Facilitating Payments in Indonesia

Businessmen

By Denny Rahmansyah and Nico Mooduto

We understand that the Foreign Corrupt Practices Act (the “FCPA”) permits facilitating payments to be made to foreign officials for routine governmental actions to expedite the performance of their duties. Such payments are generally considered as not being intended to influence the outcome of the official’s action or decision, but rather to expedite an action or decision that is already a given. A facilitating payment, therefore, is an exception to the anti-bribery prohibitions in the FCPA.

In contrast, facilitating payments are not recognized under Indonesian law. Generally, there is no provision under the Anti-Corruption Law (Law No. 31 of 1999 regarding Eradication of Criminal Acts of Corruption, as amended by Law No. 20 of 2011) or in Indonesian law that permits facilitating payments or exempts such payments from the general prohibitions of the Anti-Corruption Law. In fact, unauthorized payment to any government official, regardless of the purpose, is very suspect and may be considered a bribe.

The Anti-Corruption Law expressly provides that gifts or gratifications given to a Government Official or State Organizer shall be considered a bribe if they are related to his/her position and are contrary to his/her official duty or obligations. The Anti-Corruption Law does not define the term “gift”. It merely provides that “gratifications” are “gifts in a broad meaning, which includes the giving of money, goods, discounts, commissions, interest-free loans, travel tickets, lodging, travel, free medical care, and other facilities. Gratification shall also encompass any gift that is accepted outside the country and given by using electronic means or otherwise.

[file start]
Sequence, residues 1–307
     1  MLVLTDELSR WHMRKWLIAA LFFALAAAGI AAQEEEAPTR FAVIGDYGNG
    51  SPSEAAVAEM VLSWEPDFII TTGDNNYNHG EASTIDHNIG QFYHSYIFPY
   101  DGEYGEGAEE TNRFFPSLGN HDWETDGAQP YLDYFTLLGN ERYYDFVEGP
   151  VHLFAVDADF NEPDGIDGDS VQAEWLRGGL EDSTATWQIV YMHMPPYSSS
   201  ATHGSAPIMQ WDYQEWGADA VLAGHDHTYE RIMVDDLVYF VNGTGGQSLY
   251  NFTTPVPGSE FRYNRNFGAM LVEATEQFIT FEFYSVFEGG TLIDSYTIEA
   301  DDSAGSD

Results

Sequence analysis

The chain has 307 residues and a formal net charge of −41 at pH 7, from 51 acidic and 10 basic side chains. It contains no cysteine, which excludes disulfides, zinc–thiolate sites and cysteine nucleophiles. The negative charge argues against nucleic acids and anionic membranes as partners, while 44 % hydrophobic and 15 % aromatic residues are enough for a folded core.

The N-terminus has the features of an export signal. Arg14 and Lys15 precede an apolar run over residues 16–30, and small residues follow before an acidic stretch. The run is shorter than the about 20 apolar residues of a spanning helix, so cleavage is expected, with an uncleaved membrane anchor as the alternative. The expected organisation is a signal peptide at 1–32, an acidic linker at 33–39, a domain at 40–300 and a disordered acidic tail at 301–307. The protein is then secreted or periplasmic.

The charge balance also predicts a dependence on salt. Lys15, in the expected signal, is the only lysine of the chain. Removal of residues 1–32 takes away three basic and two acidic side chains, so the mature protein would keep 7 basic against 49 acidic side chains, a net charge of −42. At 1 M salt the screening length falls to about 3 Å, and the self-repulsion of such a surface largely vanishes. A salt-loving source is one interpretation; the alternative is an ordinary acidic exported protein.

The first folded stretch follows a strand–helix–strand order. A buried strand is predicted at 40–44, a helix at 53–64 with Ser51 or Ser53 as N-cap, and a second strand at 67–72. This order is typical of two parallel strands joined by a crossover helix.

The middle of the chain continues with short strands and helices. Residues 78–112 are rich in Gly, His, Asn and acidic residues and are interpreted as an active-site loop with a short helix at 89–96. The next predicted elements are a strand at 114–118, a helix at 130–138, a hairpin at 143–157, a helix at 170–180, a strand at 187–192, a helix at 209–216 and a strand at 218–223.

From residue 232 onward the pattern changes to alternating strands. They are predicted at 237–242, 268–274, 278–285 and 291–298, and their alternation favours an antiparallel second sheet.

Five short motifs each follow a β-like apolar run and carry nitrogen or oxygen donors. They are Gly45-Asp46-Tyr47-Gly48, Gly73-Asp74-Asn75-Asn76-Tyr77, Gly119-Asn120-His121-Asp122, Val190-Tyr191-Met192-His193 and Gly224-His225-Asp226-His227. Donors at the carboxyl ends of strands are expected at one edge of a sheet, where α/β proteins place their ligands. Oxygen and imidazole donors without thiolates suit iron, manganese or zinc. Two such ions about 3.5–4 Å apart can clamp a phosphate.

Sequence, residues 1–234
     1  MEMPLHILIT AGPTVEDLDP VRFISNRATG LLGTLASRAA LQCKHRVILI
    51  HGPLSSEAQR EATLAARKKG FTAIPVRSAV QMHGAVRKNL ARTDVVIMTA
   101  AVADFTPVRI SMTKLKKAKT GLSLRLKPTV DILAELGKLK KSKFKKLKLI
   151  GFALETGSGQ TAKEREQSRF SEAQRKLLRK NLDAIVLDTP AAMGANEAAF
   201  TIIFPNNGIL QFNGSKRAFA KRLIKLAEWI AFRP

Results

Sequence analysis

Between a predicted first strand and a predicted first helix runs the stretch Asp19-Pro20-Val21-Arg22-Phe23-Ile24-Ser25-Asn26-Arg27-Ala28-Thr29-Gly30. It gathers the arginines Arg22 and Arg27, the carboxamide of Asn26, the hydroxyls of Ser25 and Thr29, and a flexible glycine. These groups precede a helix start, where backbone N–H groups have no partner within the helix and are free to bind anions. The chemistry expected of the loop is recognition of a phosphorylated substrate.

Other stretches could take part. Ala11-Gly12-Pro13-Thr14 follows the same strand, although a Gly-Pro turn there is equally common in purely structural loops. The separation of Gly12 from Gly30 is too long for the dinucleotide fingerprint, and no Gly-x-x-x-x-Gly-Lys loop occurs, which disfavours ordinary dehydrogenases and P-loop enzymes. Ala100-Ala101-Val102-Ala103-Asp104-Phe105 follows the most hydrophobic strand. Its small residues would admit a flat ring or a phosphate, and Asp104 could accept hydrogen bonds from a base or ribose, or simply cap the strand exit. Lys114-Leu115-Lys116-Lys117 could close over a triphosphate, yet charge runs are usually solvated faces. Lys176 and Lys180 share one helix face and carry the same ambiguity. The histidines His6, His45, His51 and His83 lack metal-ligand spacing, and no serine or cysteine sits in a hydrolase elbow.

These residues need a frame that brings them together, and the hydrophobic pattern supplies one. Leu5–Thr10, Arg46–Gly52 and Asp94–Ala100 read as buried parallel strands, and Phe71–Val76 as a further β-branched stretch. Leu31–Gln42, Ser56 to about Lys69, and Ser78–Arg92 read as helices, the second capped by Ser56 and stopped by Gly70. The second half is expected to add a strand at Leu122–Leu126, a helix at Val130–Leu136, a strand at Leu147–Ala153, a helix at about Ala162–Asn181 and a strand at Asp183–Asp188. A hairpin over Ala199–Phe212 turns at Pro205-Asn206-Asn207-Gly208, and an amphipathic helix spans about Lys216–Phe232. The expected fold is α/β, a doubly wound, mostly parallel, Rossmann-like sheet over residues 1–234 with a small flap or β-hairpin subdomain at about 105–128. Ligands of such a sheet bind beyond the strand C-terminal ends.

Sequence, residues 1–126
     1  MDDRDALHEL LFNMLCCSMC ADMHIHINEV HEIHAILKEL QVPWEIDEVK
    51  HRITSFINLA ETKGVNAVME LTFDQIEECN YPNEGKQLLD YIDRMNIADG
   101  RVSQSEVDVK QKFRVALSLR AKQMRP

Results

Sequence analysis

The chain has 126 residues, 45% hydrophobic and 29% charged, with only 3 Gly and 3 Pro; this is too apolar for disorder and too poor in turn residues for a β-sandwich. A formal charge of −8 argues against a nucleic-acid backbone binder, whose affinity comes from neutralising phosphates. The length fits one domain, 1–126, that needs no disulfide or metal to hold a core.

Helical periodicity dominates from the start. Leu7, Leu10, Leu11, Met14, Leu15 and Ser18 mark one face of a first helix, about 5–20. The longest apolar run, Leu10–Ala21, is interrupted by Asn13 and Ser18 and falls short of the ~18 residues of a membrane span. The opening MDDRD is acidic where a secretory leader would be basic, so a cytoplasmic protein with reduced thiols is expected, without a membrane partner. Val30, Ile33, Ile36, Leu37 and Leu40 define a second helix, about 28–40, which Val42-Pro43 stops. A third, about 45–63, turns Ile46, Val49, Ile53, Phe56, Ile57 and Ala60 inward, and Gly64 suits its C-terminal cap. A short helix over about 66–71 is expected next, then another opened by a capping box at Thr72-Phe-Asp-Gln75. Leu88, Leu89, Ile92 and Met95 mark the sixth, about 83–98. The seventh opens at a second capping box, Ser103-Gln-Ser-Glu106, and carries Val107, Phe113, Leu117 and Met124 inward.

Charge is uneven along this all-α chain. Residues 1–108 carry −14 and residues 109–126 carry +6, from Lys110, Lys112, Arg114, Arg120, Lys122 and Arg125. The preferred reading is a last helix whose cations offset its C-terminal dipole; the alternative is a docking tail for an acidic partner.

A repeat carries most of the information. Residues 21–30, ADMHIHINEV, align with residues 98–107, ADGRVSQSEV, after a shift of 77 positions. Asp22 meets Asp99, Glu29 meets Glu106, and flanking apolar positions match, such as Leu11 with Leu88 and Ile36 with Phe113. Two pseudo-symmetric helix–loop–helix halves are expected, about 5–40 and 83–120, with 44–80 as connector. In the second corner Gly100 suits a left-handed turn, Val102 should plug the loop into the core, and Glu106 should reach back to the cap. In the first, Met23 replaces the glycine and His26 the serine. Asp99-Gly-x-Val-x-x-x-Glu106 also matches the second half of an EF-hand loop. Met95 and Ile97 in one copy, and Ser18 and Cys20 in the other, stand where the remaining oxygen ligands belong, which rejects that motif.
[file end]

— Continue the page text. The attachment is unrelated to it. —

The term is thus meant to suggest any consideration of any kind, whether requested or not. In this regard, it is difficult to see any meaningful difference between a “gift” and a “gratification”. We believe it is prudent to give the term “gratification” a broad meaning such that it includes any consideration, in cash or in kind, for the personal benefit of the recipient, which is not required by law, administrative regulation, or similar enactment to be made and whether or not solicited by the recipient.

Based on the foregoing broad definition, we are of the view that a facilitating payment provided for the purpose of expediting or securing the performance of a routine governmental action by an official would constitute a gift and gratification within the meaning of the Anti-Corruption Law.

Corruption Eradication Commission

In 2015, Indonesia’s Corruption Eradication Commission (Komisi Pemberantasan Korupsi or “KPK”) issued Guidelines for Gratification Control. Separately, KPK Regulation No. 2 of 2014 regarding Guidelines for Reporting and the Determination of Gratuity Status requires state officials to report the receipt of a gratification to the KPK within 30 days of its receipt. While the KPK takes a hard line on this issue, it has not, to our knowledge, exercised its authority to prosecute people who make or receive such payments. These payments are considered relatively small in amount compared to the cases subject to the KPK’s other operations.

These types of payments are still very common in practice. It is often the case that government officials require certain unjustified fees for the issuance of certain permits. The problem is exacerbated by private companies or individuals voluntarily participating in the practice because they want to expedite the issuance of a permit that they are already entitled to, with the result being that such payments are rampant. The unofficial costs for obtaining permits in this way have ballooned over time, significantly increasing the costs for businesses. In an attempt to curb the practice, the Government of Indonesia formed a special task force (called Saber Pungli), which has nabbed several government officials and confiscated cash in a number of surprise raids over the past year.

This publication is intended for informational purposes only and does not constitute legal advice. Any reliance on the material contained herein is at the user’s own risk. You should contact a lawyer in your jurisdiction if you require legal advice. All SSEK publications are copyrighted and may not be reproduced without the express written consent of SSEK.

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